Egyptian-American poet and writer Yahia Lababidi is in love with words.
That sounds like a trite thing to say—shouldn’t most poets be in love with words?—but in the case of his Balancing Acts: New and Selected Poems 1993-2015, one is struck by poem after poem of a love for language and for words. Whether he’s writing of the Arab Spring of 2012, a meditation on a mountain, about poet Sylvia Plath, or rejections, his poems exhibit a conscious sense of a love for words.
Lababidi has enjoyed a broad range of literary works. In 2007, he published a book of aphorisms, Signposts to Elsewhere. He has published two previous collections of poetry, Fever Dreams (2011) and Barely There: Short Poems (2013). Also in 2013, he published a collection of essays with the fascinating title of Trial by Ink: From Nietzsche to Belly Dancing. A series of conversations in 2012 with his friend Alex Stern resulted in their collection as a book, The Artist as Mystic: Conversations with Yahia Lababidi.
And then there are these poems, some new and some taken from the two previously published collections. Lababidi’s range of subjects is broad, but he applies the same love of words—in many of them, an almost lush love of words—in poem after poem.
Fed up with the polite fantasy
of having to stay in one place
and stick to their stations
Humans too, at work, or in love
know such aches and growing pains
when inner furnishings defiantly shift
As decisively, and imperceptibly, as a continent
some thing will stretch, croak or come undone
so that everything else must be reconsidered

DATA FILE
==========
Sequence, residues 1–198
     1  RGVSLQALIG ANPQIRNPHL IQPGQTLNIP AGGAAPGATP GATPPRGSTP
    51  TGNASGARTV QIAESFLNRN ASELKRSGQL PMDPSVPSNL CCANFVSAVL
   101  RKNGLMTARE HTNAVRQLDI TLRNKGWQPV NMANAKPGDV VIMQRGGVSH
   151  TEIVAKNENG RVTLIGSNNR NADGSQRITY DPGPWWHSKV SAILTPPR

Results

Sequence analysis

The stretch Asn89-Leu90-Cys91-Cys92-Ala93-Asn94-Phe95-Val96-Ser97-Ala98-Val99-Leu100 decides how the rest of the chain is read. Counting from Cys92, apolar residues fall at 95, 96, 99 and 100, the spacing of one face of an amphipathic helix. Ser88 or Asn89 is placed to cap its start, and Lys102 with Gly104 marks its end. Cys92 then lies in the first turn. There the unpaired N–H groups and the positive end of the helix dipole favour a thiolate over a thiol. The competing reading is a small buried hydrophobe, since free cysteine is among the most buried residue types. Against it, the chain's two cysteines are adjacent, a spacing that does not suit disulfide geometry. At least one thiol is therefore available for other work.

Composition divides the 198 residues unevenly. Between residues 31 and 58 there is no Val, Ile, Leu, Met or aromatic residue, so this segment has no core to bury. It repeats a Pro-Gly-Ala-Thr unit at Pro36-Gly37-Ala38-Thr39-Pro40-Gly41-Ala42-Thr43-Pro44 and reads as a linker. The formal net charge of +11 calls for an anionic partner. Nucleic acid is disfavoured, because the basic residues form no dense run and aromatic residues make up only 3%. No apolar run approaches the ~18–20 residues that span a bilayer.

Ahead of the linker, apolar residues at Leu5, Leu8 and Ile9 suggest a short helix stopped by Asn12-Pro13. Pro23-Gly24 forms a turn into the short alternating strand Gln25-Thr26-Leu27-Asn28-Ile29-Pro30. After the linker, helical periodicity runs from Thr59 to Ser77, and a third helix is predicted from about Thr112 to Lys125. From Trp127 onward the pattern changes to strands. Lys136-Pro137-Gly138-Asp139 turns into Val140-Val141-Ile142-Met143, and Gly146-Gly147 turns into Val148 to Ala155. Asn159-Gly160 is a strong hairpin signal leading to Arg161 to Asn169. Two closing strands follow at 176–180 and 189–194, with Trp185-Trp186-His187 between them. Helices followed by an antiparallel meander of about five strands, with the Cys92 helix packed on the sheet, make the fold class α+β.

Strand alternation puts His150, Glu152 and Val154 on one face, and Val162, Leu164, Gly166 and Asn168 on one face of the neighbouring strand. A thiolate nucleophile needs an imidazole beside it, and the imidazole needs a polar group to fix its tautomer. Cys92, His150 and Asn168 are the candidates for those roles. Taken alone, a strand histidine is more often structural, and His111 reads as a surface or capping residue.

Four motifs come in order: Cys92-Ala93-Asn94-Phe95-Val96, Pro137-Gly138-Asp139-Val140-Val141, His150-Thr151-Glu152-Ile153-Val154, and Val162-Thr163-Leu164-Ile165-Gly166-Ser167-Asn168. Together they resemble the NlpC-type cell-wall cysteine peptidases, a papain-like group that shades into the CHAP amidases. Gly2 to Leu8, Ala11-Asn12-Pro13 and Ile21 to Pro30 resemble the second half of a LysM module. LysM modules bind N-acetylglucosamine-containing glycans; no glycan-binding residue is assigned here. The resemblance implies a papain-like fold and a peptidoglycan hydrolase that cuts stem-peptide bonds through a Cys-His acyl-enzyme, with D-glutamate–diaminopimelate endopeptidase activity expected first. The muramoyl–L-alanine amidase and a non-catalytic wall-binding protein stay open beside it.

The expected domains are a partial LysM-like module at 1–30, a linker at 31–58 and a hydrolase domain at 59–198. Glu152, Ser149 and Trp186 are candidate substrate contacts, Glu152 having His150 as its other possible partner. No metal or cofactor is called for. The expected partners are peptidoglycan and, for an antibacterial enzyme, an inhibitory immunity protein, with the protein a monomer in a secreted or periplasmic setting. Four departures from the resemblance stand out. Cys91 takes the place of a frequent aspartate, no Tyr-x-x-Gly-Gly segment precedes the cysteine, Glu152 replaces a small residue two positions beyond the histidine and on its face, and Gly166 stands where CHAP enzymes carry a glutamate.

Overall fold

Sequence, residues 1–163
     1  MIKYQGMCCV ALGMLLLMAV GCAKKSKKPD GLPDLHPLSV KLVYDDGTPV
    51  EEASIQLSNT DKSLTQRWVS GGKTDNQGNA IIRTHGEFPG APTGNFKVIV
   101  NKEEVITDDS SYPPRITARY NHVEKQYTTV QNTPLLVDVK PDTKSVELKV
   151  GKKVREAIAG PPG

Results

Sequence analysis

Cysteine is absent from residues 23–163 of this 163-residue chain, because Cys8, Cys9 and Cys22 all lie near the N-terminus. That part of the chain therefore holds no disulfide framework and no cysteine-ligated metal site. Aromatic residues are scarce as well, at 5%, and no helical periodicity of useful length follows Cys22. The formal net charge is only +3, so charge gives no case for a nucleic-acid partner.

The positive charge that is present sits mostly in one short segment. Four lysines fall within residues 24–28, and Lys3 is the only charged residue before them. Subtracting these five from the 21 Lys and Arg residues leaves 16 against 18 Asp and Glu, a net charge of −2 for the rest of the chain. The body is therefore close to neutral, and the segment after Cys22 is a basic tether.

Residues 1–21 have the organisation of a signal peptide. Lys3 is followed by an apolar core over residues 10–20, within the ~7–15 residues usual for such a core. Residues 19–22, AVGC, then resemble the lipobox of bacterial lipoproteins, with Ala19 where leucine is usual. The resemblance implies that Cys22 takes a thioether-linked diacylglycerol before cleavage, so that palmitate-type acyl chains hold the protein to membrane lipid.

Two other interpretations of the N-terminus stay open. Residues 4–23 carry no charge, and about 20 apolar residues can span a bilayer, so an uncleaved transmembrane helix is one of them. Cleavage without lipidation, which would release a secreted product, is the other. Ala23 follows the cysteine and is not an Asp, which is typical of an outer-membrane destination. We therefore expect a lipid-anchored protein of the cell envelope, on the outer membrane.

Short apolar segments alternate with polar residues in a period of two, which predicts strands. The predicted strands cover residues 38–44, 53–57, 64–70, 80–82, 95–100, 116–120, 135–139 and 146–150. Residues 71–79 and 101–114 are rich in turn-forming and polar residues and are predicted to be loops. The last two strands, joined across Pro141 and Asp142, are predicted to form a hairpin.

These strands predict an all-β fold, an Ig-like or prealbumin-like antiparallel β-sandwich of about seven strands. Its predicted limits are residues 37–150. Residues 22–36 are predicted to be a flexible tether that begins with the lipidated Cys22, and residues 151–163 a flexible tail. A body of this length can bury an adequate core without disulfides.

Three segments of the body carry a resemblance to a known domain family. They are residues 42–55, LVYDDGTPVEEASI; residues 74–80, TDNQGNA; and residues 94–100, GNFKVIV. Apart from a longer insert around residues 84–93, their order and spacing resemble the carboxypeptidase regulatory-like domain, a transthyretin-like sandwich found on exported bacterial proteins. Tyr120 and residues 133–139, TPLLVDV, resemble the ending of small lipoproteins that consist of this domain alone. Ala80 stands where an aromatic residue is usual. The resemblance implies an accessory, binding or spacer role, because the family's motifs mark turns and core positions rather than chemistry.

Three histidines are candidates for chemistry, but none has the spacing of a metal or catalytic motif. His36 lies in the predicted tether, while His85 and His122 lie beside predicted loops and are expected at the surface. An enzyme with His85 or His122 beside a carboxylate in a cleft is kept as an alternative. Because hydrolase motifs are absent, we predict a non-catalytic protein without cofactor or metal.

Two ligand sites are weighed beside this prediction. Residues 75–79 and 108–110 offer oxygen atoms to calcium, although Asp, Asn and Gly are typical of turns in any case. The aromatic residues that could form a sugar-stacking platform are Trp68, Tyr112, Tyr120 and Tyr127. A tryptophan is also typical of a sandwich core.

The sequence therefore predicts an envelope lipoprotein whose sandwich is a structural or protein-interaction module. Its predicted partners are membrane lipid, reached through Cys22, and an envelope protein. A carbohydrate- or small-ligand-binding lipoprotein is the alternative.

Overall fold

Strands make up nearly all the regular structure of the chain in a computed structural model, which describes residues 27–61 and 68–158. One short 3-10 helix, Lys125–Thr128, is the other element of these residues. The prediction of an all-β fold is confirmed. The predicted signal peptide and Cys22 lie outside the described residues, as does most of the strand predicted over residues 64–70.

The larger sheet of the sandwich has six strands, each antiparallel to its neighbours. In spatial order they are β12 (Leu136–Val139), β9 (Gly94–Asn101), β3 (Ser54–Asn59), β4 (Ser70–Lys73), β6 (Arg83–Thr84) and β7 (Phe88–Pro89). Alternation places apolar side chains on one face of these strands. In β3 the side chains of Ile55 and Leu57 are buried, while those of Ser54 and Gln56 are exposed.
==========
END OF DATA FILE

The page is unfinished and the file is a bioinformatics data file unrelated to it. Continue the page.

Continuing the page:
One restless dawn, unable to suppress the itch
of wanderlust, with a heavy door left ajar
semi-deliberately, and a new light teasing in
Some piece of immobility will finally quit
suddenly nimble on wooden limbs
as fast as a horse, fleeing the stable.
In this poem, he’s writing of that familiar moment of “mind shift, ” when something happens or something triggers a change in perception and understanding. The shift is so profound that everything must be reconsidered. It can start with something as mundane as a chair or table creaking, as if to express some furniture-like rebellion at having always to be what it’s assigned to be. And that the creakings and shifts happen “incautiously” is an added bonus to the sense of the poem.
Yababidi’s poems and writing have been featured in several anthologies and published in such literary journals as Poetry, The Literary Review, The Prague Review, Tikkun, and many others. He’s received a number of prizes and recognitions for his work, including two nominations for a Pushcart Prize. And his poems have been translated into several languages.
Balancing Acts is more than a fine collection of poetry; it is an ode to language, an essay on loving words, and an enthusiastic celebration of poetry.
Megan Willome’s The Joy of Poetry—part memoir, part poetry reflections, part anthology—takes readers on a journey to discovering poetry’s purpose, which is, delightfully, nothing. “Why poetry?” Willome asks. “You might as well ask, why chocolate?” Poetry reflects nothing more and nothing less than the pure joy of living, loving, and being, in all of its confusion and wonder. Willome’s book will gently guide you to read, write, and be a little more human through language’s mystery and joy.
—Tania Runyan, author of How to Read a Poem: Based on the Billy Collins Poem “Introduction to Poetry”
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